has struck a deal with the Washington Redskins that includes marketing and content-sharing initiatives, the newspaper reported over the weekend. The new partnership will include
special year-round coverage of the Redskins by the newspaper, as well as special promotions.
On the print front, the partnership includes a “Redskins Weekend Game Guide,”
published weekly, that will wrap the Friday edition of The Washington Times
during the NFL season, beginning this August that same month, The Washington Times
will introduce a free
digital magazine, “The Redskins Report.”
Turning to broadcast, sports reporters from The Washington Times
will appear on Redskins-related radio and TV shows, as well
as the team’s online pregame and halftime shows, to provide commentary and analysis on the team, players and games.
The Redskins will also give The Washington Times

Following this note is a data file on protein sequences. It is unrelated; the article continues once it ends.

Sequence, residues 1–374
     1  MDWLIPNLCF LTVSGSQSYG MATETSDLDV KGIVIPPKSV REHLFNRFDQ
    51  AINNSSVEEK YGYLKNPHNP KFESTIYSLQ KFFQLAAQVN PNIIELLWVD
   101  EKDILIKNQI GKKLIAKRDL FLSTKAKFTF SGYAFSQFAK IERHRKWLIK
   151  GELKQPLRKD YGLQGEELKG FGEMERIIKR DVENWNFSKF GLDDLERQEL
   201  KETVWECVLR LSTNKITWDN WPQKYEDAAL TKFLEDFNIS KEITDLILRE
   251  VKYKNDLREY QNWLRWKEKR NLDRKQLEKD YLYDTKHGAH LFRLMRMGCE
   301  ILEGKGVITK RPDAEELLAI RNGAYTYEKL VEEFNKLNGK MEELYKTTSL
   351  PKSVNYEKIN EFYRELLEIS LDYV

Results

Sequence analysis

exclusive access to commentaries and interviews with players and coaches, which will appear in the new weekly print and digital publications, as well as special sections in the newspaper. The partners
will collaborate on initiatives to expand their digital audience reach via social media and email. The Washington Times
President and CEO Larry Beasley stated:
“The fan bases of both organizations have a lot in common and will benefit from the partnership. Both have rich histories of serving football fans, as well as active-duty and retired military
members. The partnership also allows both organizations to expand the quality, breadth and interactive nature of their publications.”
The news comes amid a still-simmering
controversy over the NFL team’s name, which some critics say should be changed because it is offensive to Native Americans. The Washington Times
, which often embraces conservative
editorial views, has been supportive of the team’s refusal to change its name.
This is just the most recent in a series of content-sharing deals aiming to increase the
newspaper’s sports coverage. Last year, The Washington Times
struck a content-sharing deal with Comcast SportsNet Mid-Atlantic, which gave the newspaper access to channel's digital
coverage for both its Web site and print editions, according to The Washington Business Journal